v 31. David was looking into the future and speaking of the Messiah’s resurrection. He was saying that God would not leave him among the dead or allow his body to rot in the grave.
The New Testament writers also look to David to establish the promise of the Messiah’s resurrection.
From the very beginning of the Apostle’s preaching this was announced loud and clear. On the day of Pentecost, in his first sermon, Peter said:
God released him (Jesus) from the horrors of death and raised him back to life, for death could not keep him in its grip. King David said this about him:
I see that the Lord is always with me.
I will not be shaken, for he is right beside me.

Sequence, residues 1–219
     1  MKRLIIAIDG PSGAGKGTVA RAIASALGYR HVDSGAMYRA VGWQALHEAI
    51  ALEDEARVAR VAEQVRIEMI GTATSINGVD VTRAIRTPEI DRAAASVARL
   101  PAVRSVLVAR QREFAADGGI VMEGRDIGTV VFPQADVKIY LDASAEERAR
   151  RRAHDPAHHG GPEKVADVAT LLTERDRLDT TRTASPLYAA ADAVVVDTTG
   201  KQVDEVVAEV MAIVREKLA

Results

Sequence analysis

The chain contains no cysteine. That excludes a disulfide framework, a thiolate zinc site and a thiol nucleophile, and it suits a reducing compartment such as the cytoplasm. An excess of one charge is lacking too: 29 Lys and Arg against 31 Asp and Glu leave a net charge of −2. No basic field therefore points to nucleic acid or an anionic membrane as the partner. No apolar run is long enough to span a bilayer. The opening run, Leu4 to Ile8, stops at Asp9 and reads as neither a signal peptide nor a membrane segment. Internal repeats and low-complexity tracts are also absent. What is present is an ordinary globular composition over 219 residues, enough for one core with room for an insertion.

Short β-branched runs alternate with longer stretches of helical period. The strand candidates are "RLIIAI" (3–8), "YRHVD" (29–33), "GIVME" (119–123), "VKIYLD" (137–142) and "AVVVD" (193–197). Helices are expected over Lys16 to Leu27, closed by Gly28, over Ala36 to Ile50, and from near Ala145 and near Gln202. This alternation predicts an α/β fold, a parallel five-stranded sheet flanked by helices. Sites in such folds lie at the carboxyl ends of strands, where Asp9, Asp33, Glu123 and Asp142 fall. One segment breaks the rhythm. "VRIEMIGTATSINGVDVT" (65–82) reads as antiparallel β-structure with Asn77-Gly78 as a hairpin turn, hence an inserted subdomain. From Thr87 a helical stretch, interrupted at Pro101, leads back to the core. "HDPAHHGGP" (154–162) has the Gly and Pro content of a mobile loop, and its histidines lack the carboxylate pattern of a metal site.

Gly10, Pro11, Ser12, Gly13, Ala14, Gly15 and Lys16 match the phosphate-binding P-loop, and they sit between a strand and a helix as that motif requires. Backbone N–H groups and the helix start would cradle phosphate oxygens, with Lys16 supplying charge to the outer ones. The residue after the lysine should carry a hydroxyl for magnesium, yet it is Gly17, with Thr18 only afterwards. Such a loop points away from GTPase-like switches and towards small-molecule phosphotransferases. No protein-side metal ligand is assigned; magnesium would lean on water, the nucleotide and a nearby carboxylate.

No wonder my heart is glad,
and my tongue shouts his praises! My body rests in hope.
For you will not leave my soul among the dead,
or allow your Holy One to rot in the grave.
This is a quotation from Psalm 16, written by David, and is taken to refer to the resurrection of Jesus.
In this sense, David is not only seen as King but also as Prophet, writing about the coming Messiah and his death and resurrection. The early Apostles got this connection very quickly, which leads me to wonder if this Psalm was one of the scriptures that Jesus himself taught the disciples on the road to Emmaus, about which we read in Luke 24, ‘Wasn’t it clearly predicted that the Messiah would have to suffer all these things before entering his glory?” Then Jesus took them through the writings of Moses and all the prophets, explaining from all the Scriptures the things concerning himself. ‘
Once again, this connection with David would have been a significant element of the Apostles’ preaching to Jewish people.